Reviews on Ishmael border on evangelical and it feels like After Dachau explores some of the same issues but through a filter o
imagine a world where the 'aryan' race as described by Adolph Hitler has taken over the world, eliminating all other 'mongrol' races. Imagine also that reincarnation exists. This is the premise for a most interesting book by Daniel Quinn. I have often wondered what it would be like to find out that I was not who I thought I was, that I was actually someone else. This book is just such a story. In the same style as 1984 and brave New World, Mr. Quinn take us on a journey into a future quite unlik ...more

This is another truly excellent book. It has tremedous heart and one of the most cleverly concealed "twist" endings I've ever come across. It also holds the distiction of being a book that is totally untranslatable to film or theater. It cannot, ever, under any circumstances be
Renee Serrano
Another mind jarring book by the Ishmael author. This is a sci fi fictional book that takes you to the future to a time when everything is perfect and pristine. Where have all the outcasts gone (such as minorities, bums in the street, the poor...etc?). I won't spoil it for you but our society has done some drastic and horrible things to certain groups and it's up to one woman to figure out just what...this book stayed with me for years and I can see from where we're headed in our Austerity drive ...more
Not my favorite of his but still a really good story and worth reading.
Jim Vaden
I am continually challenged by Quinn's worldview and assumptions about reality. This story is a parable that reflects his unique worldview about humanity's "agreed upon fiction" (history) and challenges my own assumptions about what I've been taught by the culture-at-large. Though Quinn would perhaps not like the comparison, the effect of his stories and worldview are much like Jesus' parables: they shock me into thinking even more deeply about my faith, values, assumptions, beliefs and lifestyl ...more
Parts of this book were really great, which, consequently kept me coming back to finish it. There were huge revelations I definitely didn't expect. Overall, the story is a very interesting idea; however, I don't think it was executed well. The language used seemed underdeveloped, and there were long tangents that seemed irrelevant. I've never read Quinn's other work, but I hear that it's mind blowing. I can believe it, but only from his bravery to explore strange and unusual circumstances and hi ...more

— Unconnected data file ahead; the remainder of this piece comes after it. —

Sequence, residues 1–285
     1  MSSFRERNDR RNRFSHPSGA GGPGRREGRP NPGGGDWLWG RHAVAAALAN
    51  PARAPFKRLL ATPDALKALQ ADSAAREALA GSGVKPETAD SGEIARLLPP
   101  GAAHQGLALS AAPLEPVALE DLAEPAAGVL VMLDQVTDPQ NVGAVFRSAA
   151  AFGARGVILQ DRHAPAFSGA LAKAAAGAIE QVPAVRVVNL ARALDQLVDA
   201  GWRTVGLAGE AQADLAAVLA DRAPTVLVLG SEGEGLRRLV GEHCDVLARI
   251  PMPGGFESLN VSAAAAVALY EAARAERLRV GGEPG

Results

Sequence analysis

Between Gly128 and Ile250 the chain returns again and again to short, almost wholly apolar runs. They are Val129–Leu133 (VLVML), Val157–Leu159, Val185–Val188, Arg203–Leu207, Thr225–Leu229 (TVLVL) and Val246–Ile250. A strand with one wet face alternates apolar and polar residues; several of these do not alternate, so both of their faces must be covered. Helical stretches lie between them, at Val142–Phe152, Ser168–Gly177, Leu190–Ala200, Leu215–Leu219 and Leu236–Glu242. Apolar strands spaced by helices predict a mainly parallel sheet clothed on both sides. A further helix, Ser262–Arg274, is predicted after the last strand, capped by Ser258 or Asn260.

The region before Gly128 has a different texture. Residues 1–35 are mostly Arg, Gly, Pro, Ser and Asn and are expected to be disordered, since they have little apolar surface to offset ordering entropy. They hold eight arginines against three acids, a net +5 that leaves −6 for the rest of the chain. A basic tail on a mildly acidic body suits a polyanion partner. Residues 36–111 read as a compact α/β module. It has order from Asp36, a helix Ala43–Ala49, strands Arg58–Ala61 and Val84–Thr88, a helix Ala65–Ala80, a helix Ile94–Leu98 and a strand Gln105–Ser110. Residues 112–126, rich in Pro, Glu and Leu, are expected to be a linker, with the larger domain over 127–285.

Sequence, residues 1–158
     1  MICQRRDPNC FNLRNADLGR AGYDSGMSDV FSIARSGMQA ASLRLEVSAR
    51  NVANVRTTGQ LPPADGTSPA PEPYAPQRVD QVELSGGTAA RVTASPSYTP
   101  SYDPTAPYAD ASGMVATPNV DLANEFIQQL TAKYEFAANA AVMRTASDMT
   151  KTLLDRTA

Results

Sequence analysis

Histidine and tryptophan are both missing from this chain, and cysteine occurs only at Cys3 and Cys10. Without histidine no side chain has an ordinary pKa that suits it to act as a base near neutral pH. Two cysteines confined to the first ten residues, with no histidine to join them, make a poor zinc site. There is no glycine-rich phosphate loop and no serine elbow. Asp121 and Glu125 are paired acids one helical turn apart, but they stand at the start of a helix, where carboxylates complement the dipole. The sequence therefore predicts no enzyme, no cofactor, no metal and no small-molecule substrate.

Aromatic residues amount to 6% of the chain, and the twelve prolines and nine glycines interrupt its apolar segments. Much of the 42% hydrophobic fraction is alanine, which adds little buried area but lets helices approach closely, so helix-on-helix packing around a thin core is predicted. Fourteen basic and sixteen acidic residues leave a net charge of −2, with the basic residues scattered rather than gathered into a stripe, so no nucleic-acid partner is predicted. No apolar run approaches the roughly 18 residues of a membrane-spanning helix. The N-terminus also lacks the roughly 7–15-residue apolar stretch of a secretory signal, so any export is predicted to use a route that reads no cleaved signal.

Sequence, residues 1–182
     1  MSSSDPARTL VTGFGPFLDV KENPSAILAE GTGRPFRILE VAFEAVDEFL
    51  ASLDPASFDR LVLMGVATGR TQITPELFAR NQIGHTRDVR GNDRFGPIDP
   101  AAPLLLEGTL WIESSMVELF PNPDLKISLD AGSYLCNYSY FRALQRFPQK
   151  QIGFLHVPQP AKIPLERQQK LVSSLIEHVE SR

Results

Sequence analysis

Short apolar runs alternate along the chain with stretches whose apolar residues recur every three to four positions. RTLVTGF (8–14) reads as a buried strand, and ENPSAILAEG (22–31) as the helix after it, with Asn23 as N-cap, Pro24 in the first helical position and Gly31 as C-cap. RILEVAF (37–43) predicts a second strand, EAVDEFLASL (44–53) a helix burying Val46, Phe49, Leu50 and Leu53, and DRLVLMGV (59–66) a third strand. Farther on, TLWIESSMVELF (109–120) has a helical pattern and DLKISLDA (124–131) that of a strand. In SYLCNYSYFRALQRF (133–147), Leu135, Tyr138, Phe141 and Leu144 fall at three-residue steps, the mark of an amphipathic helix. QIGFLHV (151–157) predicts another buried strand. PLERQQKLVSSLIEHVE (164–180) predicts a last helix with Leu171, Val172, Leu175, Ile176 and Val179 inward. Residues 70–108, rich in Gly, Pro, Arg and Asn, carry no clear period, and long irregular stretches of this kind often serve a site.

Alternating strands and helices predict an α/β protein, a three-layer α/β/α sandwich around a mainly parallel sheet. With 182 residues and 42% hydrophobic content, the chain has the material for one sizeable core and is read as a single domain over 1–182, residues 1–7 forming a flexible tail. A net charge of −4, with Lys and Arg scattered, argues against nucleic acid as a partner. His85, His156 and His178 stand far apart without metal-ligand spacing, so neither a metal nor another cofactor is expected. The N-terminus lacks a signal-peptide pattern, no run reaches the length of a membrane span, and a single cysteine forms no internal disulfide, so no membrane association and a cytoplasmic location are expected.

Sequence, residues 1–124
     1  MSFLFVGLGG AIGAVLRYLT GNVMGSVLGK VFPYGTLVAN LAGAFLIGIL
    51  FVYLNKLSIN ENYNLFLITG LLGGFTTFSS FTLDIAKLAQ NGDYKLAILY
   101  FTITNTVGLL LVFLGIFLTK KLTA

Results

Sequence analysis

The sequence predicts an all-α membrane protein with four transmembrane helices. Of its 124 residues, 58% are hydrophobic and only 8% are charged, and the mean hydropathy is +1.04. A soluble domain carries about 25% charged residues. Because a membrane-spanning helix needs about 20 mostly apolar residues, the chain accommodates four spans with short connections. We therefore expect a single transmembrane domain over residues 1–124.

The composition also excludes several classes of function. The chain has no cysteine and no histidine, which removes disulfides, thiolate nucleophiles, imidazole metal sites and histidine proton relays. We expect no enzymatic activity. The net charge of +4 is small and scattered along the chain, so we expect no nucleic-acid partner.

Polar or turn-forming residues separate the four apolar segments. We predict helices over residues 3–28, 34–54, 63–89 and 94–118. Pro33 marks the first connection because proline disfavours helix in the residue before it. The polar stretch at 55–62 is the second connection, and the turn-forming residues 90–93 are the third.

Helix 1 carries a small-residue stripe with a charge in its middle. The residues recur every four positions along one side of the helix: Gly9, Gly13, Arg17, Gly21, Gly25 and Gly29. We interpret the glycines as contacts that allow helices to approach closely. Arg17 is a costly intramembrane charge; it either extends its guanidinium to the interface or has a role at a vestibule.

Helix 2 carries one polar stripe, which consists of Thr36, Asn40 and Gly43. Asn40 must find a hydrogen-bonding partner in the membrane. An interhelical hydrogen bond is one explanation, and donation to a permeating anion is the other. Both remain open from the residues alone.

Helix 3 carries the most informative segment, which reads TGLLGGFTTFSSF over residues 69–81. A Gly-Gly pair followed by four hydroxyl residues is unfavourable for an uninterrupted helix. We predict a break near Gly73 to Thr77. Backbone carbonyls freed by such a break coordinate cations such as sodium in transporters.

Jon Barber
I enjoyed the beginning and end of this book immensely (the middle had a weird left-turn that the book's plot recovered from by the end). I like how Quinn manages to make major comments on society, using outlandish means, in this case reincarnated woman from the 1920s. I recommend this as a US History teacher, as a graduate of the tradition-loving University of Virginia, and as a life-long resident of a small and relatively conservative area in the South. This book gave me a lot to think about.
David Grieve
Very disappointing and too self indulgent. Purports to show an alternative future for mankind which in itself is interesting but then it just doesn't deliver. The world of 2000 years hence shows no signs of development, other than the central principle of Aryan supremacy. I suppose one could argue that this is why there has been no developement but this doesn't really wash. According to the cover quotes, critics have compared it to "1984" - in my opinion, any resemblence is purely accidental.
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I had and did the usual things -- childhood, schools, universities (St. Louis, Vienna, Loyola of Chicago), then embarked on a career in publishing in Chicago. Within a few years I was the head of the Biography & Fine Arts Department of the American Peoples Encyclopedia; when that was subsumed by a larger outfit and moved to New York, I stayed behind and moved into educational publishing, begin ...more
More about Daniel Quinn...
Ishmael: An Adventure of the Mind and Spirit My Ishmael The Story of B: An Adventure of the Mind and Spirit Beyond Civilization: Humanity's Next Great Adventure The Holy

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“Has it ever occurred to you to wonder if the history we teach our children is a lie?” 2 likes
“People think I am being modest when I tell them I know absolutely nothing about art. But if they show me a piece of student work, I won't have the slightest idea whether it's art or even "good". What I do know is whether such things hang or stand in the houses of the rich - or in the museums where the rich allow their treasures to be seen. And when people understand this, they'll instantly agree with what I said in the first place, that I know absolutely nothing about art. - pg. 76” 1 likes